I have just made arrangements to have a volume of the 'Sketch Book' published here... I expect the first proof-sheet to-day, and the volume will be published in about a month. If the experiment succeeds I shall follow it up by another volume.
Irving was referring to his collection The Sketch Book of Geoffrey Crayon, Gent., editions of which had only recently been published in the United States. Its first volume included the now-famous tale "Rip Van Winkle" and featured the first usage of Irving's occasional pseudonym, Geoffrey Crayon.
He was justifiably nervous that his book would soon be the victim of British piracy — an all-too-common occurrence which left the original writer uncompensated. At the time, copyright law protected works within a country but did not protect those same works internationally. Irving, living overseas at the time, enacted a plan he would return to throughout his literary career: find a legitimate, authorized publisher in both the United States and England which will publish the book at about the same time. The American publisher secured copyright in the United States and the English publisher secured the same in that country.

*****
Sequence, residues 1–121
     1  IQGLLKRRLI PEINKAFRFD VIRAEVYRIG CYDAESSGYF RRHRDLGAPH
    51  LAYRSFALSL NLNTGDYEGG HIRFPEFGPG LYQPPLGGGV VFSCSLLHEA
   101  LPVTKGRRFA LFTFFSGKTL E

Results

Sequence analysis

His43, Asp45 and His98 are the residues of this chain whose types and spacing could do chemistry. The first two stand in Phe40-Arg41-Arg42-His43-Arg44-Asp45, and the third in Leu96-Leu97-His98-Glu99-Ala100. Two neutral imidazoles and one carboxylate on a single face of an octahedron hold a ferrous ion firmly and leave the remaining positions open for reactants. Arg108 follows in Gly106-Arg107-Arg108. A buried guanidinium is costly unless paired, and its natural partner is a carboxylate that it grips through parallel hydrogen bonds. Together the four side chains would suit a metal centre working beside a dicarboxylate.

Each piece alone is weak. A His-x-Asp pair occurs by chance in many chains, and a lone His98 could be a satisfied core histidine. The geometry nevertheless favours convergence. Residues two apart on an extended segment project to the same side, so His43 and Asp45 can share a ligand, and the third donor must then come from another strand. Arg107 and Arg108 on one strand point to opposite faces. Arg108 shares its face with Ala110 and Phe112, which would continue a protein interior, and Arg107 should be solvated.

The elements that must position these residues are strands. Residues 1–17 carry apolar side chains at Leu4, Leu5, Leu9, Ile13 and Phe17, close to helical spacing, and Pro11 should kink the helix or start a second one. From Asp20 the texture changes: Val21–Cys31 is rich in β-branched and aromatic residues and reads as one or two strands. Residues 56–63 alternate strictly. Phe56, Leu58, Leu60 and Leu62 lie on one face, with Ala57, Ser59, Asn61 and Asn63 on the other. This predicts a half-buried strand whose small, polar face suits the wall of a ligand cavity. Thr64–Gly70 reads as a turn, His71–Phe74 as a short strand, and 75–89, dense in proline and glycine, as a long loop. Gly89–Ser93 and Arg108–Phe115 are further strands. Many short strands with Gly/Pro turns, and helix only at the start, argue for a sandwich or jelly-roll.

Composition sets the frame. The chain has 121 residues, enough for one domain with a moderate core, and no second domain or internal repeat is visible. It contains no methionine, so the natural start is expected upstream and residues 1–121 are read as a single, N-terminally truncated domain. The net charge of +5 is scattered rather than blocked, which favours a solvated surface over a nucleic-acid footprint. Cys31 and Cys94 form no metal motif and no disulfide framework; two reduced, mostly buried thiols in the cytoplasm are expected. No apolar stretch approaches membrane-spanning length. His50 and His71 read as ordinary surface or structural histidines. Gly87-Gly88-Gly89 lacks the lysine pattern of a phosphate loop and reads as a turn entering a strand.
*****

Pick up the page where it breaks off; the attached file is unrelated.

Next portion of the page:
The plan usually worked rather well and helped Irving become the first major American writer to earn a solid reputation on both sides of the Atlantic. It also helped him financially (more or less) and, as his reputation increased, granted him opportunities for business bargains that other authors could only imagine.
Acting quickly on The Sketch Book, he soon found a small publisher — which would quickly turn disastrous. More, as Irving predicted in the letter, in about a month.
*The image above is an undated illustration for "Rip Van Winkle" by artist George Frederick Bensall (1837-1879). The scene depicted is Rip waking up from a 20-year nap. During that time, the colonies established the United States and, perhaps less radically, his clothes and rifle have decayed. The original is in the collection of the Westmoreland Museum of American Art, Greensburg, PA.